Welcome to my website in which I record my activities growing Organic Fruit. I am seriously limited for space, so I have to be smart about what I grow. The best way to maximise yield in a given space is to grow tall plants, but I wanted as much variety as possible, so my more recent additions have been dwarf fruit trees.........................................John Ashworth 27th July 2015.
Latest Update 6th August 2016.
Blackberries are not indigenous to Australia, and the wild feral forms we see in our hedgerows are noxious weed and were declared a weed of national significance in 1999.
Blackberry hybrids often thorn-less like mine and with seeds which are not viable are not declared noxious.
Blackberries grow their canes from a crown, and fruit on second year old canes.
I bought my Blackberry plant many years ago, and it had been forgotten and abused for quite a long time.
It kept emerging from strange places, and I would remove it because I didn't really have time to cultivate it in those days.
In the end I searched my garden and rescued all the reasonably healthy plants and disposed of the weaklings.
I have now been growing blackberry vines on trellises since 2010, and I have been marvelously well rewarded.
This variety is prolific, pest and disease resistant, and the fruit is delicious.
Despite their drought tolerance and all round hardiness, I have not found them to be especially invasive.
Variety: Unknown thornless with non viable seeds.
Family Group: Rosaceae.
Garden bed type: Drip line irrigated bed.
Recommended soil pH: 5.5 - 6.5.
Plant Spacings: 1250mm.
Good Companions: Tansy.
Climate: Warm Temperate.
Geographic Hemisphere: Southern.
This food is very low in Saturated Fat, Cholesterol and Sodium.
also a good source of Vitamin E (Alpha Tocopherol), Folate, Magnesium,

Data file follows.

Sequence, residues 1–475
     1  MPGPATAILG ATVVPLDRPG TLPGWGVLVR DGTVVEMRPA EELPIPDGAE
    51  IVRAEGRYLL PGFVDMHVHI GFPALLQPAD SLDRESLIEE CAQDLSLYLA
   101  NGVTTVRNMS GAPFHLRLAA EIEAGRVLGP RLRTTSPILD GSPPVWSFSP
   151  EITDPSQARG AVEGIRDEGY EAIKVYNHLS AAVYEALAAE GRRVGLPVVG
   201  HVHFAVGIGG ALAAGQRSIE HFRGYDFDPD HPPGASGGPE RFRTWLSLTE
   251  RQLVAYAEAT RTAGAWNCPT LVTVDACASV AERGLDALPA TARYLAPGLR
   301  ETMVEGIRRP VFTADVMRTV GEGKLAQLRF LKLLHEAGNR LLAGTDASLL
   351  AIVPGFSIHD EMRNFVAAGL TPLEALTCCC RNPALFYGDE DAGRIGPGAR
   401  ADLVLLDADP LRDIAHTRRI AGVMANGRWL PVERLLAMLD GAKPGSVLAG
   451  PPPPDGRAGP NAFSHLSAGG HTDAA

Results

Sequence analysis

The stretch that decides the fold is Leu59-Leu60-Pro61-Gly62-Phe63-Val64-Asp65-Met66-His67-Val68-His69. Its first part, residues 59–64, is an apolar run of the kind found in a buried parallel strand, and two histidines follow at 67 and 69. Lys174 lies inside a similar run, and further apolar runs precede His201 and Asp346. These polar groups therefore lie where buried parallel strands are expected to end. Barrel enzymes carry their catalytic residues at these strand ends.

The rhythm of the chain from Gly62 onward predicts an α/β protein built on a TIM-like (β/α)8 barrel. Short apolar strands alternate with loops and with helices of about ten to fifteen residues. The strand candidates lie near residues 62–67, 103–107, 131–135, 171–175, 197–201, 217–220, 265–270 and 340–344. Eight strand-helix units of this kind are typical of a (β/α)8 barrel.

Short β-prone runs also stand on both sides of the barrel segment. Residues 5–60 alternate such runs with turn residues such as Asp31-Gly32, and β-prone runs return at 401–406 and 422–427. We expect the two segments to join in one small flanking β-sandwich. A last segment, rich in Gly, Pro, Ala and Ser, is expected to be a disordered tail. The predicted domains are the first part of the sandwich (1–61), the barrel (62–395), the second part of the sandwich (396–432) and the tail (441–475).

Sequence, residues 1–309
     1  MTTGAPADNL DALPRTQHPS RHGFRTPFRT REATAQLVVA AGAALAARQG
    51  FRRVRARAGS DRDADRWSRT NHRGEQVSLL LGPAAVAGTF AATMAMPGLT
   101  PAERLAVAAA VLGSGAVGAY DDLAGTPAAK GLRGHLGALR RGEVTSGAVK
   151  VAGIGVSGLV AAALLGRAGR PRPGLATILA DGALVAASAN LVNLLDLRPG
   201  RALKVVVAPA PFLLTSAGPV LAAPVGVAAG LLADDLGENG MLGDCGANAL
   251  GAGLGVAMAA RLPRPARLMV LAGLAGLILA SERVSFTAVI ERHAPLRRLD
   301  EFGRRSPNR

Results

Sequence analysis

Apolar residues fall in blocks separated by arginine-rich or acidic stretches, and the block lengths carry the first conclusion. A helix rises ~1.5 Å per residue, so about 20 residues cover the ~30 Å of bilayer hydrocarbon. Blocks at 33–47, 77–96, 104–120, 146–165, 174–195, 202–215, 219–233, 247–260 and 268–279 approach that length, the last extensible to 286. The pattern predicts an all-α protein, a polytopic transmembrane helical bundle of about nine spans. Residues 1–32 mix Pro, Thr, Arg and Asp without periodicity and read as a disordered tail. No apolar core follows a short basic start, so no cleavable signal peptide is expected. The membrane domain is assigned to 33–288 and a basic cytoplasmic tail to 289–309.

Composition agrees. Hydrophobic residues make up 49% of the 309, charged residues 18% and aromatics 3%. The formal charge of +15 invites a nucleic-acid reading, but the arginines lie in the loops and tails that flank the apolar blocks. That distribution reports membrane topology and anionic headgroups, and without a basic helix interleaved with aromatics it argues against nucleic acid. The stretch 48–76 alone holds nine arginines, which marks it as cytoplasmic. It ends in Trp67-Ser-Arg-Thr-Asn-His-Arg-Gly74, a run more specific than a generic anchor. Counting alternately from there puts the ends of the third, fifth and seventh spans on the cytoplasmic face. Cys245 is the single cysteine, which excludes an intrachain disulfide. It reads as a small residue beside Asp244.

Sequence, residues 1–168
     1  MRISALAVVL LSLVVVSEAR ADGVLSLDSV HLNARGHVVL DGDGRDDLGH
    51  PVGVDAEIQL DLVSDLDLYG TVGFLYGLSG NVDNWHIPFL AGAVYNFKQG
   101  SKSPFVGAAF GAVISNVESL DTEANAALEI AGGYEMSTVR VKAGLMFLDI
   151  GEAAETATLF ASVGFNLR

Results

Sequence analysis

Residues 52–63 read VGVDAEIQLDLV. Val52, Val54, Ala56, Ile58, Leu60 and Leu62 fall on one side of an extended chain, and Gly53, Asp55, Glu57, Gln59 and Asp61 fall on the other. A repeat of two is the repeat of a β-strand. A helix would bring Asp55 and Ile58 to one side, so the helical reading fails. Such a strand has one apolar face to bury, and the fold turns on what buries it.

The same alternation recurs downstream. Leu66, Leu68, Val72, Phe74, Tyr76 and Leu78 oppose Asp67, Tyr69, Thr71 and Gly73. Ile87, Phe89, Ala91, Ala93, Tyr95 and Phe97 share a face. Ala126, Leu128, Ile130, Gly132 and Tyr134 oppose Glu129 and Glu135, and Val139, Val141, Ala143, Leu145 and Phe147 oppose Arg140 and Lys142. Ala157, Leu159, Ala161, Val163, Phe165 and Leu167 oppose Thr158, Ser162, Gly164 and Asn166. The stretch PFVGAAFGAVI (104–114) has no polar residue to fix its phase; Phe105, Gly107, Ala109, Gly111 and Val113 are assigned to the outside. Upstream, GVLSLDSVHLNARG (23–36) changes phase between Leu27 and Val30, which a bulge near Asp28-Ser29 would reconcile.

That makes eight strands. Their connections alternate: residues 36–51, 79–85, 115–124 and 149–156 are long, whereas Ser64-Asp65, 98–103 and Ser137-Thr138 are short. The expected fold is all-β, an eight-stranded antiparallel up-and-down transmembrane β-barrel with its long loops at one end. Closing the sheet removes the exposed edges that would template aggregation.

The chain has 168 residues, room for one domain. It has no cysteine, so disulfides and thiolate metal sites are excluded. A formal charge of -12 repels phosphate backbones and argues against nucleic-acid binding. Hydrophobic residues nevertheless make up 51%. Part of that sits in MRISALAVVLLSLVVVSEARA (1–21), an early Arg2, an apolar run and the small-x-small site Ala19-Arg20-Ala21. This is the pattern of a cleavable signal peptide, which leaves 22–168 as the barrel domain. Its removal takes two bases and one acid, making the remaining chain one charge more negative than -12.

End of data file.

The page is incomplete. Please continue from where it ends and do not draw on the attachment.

Potassium and Copper, and a very good source of Dietary Fiber, Vitamin
C, Vitamin K and Manganese.
Minimise soil disturbances to maintain a natural soil structure.
Keep shaded in the summer (December to February) with 21% shadecloth/exclusion netting.
Do not allow the soil to dry out.
Feed the Soil.
Remove mulch and dead leaves from the previous year in September and dispose of them in your compost heap.
Remove any unwanted suckers, and dispose of them in the compost heap after shredding them.
Apply a 60mm top dressing of home made compost and cover with fresh straw mulch.
Propagating thornless blackberries is easy. They can be propagated by
cuttings (root and stem), suckers, and tip layering.
are one of the easiest ways to root new blackberry plants. They can be
removed from the parent plant once they have developed a healthy root system, and replanted elsewhere.
is another easy method.
It can be started in late summer/early autumn by bending young shoots
over to the ground and covering them with a few centimetres of soil.
They are left to root through winter and by spring
they should be strong enough to cut from the
parent and replanted elsewhere.
Blackberries need to be supported on a trellis, and I grow 3 plants, each with a star picket support.
are set 1250mm apart and I use 4 wires threaded through the star
picketsanchored to the raised bed sleepers at each end of the row to provide support for the fruiting canes.
canes are trained loosely along the trellis wires each year. At the end of theyear old canes that have borne fruit are removed, and new ones that have grown from shoots are rearranged so they cover all the supporting wires equally. They are tied down securely so they don't sag under the weight offruit.
Blackberries are sprayed with aerated compost tea every month when all thye edible plants are sprayed.
Harvesting and storage.
Harvest the Blackberries in March.
Harvest when ripe, and use immediately, or store in freezer bags in your freezer.
They make great jam especially with rhubarb and are wonderful in blackberry and apple pies.
Blackberries should be protected against slugs and snails using self adhesive copper
tape bonded around the base of your raised garden bed.
these molluscs get into your bed as eggs laid in your compost, kill
them with organically approved iron based snail pellets as soon as you
discover them. You should only need to use a small number of pellets.
At the first sign of caterpillar damage, spray the crop thoroughly with Bacillus thuringiensis (Dipel in Australia) This
natural soil dwelling bacterium once ingested by the caterpillars produces toxins which
paralyse the caterpillar's digestive system causing it to stop feeding.
It dies within a few days.